Alzheimer's Disease Causes, Stages, and Symptoms (cont.)
William C. Shiel Jr., MD, FACP, FACR
Dr. Shiel received a Bachelor of Science degree with honors from the University of Notre Dame. There he was involved in research in radiation biology and received the Huisking Scholarship. After graduating from St. Louis University School of Medicine, he completed his Internal Medicine residency and Rheumatology fellowship at the University of California, Irvine. He is board-certified in Internal Medicine and Rheumatology.
In this Article
- Alzheimer's disease facts*
- What is dementia?
- What is Alzheimer's disease?
- Who develops Alzheimer's disease?
- What are the symptoms of Alzheimer's disease?
- Ten warning signs of Alzheimer's disease
- What are the causes Alzheimer's disease?
- What are risk factors for Alzheimer's disease?
- How is the diagnosis of Alzheimer's disease made?
- What is the prognosis of a person with Alzheimer's disease?
- What treatment and management options are available for Alzheimer's disease?
- Cholinesterase inhibitors (ChEIs)
- Partial glutamate antagonists
- Non-medication based treatments
- Treatment of psychiatric symptoms
- Potential and future therapies for Alzheimer's disease
- Caring for the caregiver and Alzheimer's disease resources
- National Institute on Aging home safety for people with Alzheimer's disease
- General safety concerns for persons with Alzheimer's disease
- Is it safe to leave the person with Alzheimer's disease alone?
- Home safety room-by-room
- Home safety behavior-by-behavior
- Special occasions/gatherings/holidays
- Impairment of the senses
- Natural disaster safety
- Who would take care of the person with Alzheimer's disease if something happened to you?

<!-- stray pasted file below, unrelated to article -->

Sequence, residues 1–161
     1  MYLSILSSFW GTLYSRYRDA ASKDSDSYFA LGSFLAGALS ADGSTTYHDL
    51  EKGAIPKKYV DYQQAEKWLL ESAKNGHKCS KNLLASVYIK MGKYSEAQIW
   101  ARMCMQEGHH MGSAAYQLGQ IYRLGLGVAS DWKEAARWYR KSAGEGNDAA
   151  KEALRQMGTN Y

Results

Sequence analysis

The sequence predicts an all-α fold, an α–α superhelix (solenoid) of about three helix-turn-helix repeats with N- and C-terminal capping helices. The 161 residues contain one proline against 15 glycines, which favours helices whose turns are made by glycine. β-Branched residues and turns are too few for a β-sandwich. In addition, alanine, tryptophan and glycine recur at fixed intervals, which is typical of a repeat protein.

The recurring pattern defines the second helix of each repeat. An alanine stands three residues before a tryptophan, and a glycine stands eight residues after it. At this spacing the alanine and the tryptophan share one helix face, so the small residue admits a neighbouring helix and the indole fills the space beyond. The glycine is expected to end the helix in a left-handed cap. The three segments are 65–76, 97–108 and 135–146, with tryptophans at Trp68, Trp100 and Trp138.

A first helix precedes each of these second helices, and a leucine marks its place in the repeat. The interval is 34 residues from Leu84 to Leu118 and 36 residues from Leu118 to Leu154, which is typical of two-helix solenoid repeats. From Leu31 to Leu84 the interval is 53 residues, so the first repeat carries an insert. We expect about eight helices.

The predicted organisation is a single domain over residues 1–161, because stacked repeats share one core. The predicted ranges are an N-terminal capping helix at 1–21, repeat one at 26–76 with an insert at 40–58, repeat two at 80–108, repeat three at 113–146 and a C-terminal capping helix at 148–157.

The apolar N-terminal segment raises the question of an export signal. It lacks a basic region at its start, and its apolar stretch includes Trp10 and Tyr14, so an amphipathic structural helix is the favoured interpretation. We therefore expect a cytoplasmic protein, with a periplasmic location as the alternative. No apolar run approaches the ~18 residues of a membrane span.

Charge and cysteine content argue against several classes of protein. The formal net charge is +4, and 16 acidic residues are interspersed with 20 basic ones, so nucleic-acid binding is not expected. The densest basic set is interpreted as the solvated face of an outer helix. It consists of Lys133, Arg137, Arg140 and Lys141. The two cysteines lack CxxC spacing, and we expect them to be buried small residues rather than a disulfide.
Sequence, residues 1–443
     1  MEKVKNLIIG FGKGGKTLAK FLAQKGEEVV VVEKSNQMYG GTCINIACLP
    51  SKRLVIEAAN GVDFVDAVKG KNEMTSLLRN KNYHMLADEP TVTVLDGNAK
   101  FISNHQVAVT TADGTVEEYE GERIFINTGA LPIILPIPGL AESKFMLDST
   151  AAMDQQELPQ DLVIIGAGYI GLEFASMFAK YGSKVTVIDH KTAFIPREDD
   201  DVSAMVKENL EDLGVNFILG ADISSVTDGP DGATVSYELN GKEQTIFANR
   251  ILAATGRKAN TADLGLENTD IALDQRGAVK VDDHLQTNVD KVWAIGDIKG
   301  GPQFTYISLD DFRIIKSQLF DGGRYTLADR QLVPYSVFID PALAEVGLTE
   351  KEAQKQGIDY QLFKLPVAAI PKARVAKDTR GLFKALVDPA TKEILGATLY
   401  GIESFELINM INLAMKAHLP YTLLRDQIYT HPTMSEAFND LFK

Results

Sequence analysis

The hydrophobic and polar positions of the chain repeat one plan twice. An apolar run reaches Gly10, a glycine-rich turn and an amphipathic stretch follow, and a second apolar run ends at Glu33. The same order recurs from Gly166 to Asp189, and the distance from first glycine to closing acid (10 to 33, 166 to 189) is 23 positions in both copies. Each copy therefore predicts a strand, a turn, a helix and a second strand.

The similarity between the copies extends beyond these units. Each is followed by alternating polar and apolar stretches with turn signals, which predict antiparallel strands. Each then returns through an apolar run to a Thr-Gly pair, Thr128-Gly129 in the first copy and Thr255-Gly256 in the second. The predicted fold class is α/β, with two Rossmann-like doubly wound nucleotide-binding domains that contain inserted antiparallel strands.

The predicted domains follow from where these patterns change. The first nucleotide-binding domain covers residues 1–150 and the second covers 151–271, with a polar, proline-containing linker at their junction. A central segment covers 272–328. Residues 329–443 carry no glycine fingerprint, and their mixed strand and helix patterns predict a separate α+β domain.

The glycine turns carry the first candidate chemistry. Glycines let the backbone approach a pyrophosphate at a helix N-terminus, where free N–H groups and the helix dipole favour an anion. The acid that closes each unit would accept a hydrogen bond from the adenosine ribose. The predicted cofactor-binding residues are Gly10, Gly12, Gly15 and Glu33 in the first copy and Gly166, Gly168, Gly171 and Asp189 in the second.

- Additional resources
- Alzheimer's Disease FAQs
- Find a local Geriatrician in your town
Impairment of the Senses
Alzheimer's disease can cause changes in a person's ability to interpret what he or she can see, hear, taste, feel, or smell. The person with Alzheimer's should be evaluated periodically by a physician for any such changes that may be correctable with glasses, dentures, hearing aids, or other devices.
People with Alzheimer's may experience a number of changes in visual abilities. For example, they may lose their ability to comprehend visual images. Although there is nothing physically wrong with their eyes, people with Alzheimer's may no longer be able to interpret accurately what they see because of brain changes. Also, their sense of perception and depth may be altered. These changes can cause safety concerns.
- Create color contrast between floors and walls to help the person see
depth. Floor coverings are less visually confusing if they are a solid color.
- Use dishes and placemats in contrasting colors for easier identification.
- Mark the edges of steps with brightly colored strips of tape to outline
changes in height.
- Place brightly colored signs or simple pictures on important rooms (the
bathroom, for example) for easier identification.